Joanna Webster

joannawebster
20 F
 Unrated

Slave Trade

 Unrated
Friday, October 23, 2020 at 5:05 AM filed under General postings

As early as the year 1400, the impact of slave trade was already immense in the most parts of Africa. It was also increasing on the significant territory of the continent owing to the preference that slave dealers had for the Africans. Since Africans were cheaply available comparing with slaves from other parts of the world, they were readily acquired. In addition, Africans were found to be immune to a number of tropical illnesses that made them easy to manage. These aspects among other facets highly increased the search for Africans slaves. The effect of the trade on Africans was adverse that ranged from social, psychological and cultural spheres of life.

The process of acquiring slaves was characterized by a lot of brutality and inhuman acts. Forceful acquisition resulted in physical torture as various cases of injuries were reported in the event of capturing the slaves. The Africans were subjected to long periods of sufferings and agony especially from the families that were separated from their breadwinners. This aspect was further fostered by the high preference for the African men that subjected most African families to situations of economic insufficiency. The economic effects became more pronounced in the African societies owing to the lack of enough labor force. This resulted into high rates of poverty in most of the African societies. Apart from the mental torture, there was adverse psychological suffering as families separated from their beloved members. Under adverse situations, cases of depression were witnessed that resulted in instances of deaths being reported among the slave families.

It is also reported that African slaves were highly preferred for participation in European wars. This witnessed a lot of Africans being sent to various European countries in order to participate in a many different wars that were rampart in Europe. As a result of this exposure, many Africans were physically injured besides a larger number that were killed in the course of the wars. Participation in these constant battles also resulted in psychological tortures owing to the fear of uncertainties related to the war activities.

The practices of slave trade highly compromised the freedom and the human integrity of Africans. Culturally, the activities related to the slave trade were highly detested in the African cultures. It was therefore a direct form of abuse to the African systems, hence compromising the sovereignty of the systems. The forceful labor that was characterized by constant punishments was also contrary to the cultural beliefs of Africans .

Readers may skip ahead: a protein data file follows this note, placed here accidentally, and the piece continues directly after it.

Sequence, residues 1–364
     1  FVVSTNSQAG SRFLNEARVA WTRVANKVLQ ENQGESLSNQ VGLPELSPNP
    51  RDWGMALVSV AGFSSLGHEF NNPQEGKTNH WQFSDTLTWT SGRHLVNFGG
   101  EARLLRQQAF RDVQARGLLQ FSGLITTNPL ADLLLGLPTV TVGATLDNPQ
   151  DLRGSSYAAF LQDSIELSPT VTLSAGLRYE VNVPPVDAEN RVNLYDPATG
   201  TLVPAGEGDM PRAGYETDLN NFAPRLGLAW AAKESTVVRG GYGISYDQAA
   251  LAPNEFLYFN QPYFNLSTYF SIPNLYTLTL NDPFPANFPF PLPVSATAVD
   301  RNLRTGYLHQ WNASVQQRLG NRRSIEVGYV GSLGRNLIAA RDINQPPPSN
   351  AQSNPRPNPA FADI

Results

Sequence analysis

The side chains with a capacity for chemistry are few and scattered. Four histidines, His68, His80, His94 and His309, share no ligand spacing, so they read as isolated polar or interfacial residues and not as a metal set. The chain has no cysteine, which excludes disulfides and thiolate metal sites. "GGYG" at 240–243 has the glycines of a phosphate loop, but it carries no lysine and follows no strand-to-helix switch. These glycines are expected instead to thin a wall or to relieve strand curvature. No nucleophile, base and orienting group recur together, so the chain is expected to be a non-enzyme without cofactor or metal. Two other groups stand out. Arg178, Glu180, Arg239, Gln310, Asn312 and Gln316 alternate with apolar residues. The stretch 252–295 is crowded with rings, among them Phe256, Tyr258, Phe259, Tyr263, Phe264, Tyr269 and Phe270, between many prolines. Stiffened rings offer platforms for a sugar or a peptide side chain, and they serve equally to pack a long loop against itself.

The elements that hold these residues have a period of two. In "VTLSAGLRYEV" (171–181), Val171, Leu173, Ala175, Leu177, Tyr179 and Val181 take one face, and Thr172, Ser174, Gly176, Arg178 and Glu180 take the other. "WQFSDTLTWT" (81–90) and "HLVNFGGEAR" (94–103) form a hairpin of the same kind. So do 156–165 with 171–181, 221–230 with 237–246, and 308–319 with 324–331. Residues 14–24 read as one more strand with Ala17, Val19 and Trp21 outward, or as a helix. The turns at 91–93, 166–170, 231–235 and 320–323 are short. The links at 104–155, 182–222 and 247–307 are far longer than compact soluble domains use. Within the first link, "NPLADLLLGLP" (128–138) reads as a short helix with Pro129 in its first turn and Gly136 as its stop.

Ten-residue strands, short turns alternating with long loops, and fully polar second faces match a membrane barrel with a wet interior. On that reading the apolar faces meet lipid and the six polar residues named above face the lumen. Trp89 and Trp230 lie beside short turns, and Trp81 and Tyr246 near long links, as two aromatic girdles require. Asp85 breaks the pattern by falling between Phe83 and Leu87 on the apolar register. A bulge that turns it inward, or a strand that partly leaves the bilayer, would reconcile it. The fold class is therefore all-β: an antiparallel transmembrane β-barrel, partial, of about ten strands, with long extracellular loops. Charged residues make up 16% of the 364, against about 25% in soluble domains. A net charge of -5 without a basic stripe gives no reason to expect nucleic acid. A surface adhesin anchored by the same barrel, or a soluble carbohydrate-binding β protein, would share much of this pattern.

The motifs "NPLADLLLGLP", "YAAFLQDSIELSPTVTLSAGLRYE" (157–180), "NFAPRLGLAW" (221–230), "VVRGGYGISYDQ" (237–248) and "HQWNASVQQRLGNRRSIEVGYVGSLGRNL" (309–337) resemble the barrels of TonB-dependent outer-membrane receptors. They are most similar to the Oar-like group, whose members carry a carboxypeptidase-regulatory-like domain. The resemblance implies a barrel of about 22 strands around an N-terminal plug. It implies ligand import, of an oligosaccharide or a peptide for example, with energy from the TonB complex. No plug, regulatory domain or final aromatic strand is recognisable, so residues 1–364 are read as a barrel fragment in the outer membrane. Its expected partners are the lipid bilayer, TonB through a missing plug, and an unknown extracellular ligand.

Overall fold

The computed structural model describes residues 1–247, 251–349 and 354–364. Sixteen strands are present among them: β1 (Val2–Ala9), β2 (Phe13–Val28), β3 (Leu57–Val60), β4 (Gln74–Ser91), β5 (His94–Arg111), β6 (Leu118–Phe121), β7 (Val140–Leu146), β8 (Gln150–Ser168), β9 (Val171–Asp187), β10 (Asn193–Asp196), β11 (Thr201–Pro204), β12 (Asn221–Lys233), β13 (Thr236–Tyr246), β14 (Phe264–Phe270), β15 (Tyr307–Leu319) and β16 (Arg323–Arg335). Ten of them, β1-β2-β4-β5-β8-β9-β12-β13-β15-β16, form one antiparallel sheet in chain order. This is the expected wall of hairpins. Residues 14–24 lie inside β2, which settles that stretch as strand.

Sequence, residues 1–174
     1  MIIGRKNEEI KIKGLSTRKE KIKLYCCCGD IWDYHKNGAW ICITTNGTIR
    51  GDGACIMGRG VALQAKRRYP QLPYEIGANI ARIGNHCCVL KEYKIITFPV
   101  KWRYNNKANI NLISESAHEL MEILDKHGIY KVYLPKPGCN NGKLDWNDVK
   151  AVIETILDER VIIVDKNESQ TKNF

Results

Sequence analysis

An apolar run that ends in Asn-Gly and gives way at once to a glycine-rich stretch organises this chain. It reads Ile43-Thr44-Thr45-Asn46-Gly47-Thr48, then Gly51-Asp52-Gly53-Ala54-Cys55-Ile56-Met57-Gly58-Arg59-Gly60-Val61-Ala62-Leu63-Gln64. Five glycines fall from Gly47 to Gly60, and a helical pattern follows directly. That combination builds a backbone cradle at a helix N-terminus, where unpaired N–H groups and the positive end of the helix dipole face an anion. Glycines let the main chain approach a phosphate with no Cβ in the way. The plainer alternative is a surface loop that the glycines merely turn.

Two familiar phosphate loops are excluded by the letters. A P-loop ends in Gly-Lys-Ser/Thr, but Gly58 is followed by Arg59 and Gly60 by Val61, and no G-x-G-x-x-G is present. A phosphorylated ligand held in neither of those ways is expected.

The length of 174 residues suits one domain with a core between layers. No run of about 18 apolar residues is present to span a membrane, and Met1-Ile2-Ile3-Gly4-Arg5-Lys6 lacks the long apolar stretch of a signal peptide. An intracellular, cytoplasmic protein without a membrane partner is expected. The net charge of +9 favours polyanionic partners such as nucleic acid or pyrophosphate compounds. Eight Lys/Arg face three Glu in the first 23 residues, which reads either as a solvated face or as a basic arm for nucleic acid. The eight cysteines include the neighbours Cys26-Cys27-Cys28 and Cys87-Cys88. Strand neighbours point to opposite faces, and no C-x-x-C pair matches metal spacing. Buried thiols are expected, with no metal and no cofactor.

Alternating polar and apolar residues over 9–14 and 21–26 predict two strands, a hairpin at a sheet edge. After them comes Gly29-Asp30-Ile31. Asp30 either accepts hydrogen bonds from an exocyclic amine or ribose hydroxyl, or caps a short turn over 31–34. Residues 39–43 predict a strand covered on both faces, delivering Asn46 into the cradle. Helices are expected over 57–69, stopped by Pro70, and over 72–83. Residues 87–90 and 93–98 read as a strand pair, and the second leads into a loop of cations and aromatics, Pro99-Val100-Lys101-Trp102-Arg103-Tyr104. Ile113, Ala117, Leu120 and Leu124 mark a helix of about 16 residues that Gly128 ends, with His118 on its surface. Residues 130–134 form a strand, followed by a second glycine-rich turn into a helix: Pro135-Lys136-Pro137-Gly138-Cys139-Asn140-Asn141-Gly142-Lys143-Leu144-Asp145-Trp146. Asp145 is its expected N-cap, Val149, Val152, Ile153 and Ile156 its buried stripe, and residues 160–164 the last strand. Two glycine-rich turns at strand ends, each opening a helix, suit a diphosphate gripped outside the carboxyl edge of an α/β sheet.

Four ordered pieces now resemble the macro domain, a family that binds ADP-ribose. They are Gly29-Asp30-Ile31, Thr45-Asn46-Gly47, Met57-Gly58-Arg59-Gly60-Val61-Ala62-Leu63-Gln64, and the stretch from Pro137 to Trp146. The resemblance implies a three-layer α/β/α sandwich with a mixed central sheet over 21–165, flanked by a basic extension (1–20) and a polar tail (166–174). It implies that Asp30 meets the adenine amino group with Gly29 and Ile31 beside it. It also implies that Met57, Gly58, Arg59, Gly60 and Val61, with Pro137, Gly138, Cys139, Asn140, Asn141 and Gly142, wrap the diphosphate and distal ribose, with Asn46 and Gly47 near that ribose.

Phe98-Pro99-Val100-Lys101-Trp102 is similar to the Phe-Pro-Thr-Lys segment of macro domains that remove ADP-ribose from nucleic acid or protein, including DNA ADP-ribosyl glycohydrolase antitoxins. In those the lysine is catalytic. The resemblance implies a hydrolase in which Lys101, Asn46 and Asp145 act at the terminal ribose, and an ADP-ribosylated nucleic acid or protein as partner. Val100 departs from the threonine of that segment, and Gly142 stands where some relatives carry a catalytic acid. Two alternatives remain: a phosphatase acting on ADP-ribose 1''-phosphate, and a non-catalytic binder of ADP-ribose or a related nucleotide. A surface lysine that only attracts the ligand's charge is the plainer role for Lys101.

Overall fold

In Europe, African slaves were exposed to numerous cases of ethnical abuse. They were deprived of key essentials that made them live in deplorable conditions. Instance of abuse of their rights became common. This was even more devastating for ladies who were sexually abused hence compromising their human respect and integrity. In terms of access to vital social amenities, other races that were considered more superior to the Africans were preferred. Constant social abuse continuously became more pronounced in a number of spheres. Additionally, another harsh experience that the slaves witnessed was constant tropical infections that were attributed to environmental changes. The effects of these diseases became more devastating owing to the deplorable conditions that characterized the lives of slaves in various European countries.

If the article was cognitive for you, proceed to read other articles on https://essayswriters.com/. Most of the articles are written by Joanna Webster, a professional writer.
 

 

Follow Us

Explore FitClick
Browse this section for quick links to our calorie counter and other popular diet and fitness features. From diet plans to weight loss programs, FitClick has the content you need to lead a healthy life. Find workout routines, a calorie calculator and more at your source for diet and fitness information.
We have updated our Privacy Policy, effective May 25, 2018. We have done this in preparation for the EU's new data privacy law, the General Data Protection Regulation (GDPR). Please take the time to review our updated documentation by clicking on the Privacy Policy link at the bottom of this page. By continuing to use this service on or after May 25, 2018, you agree to our updated Privacy Policy.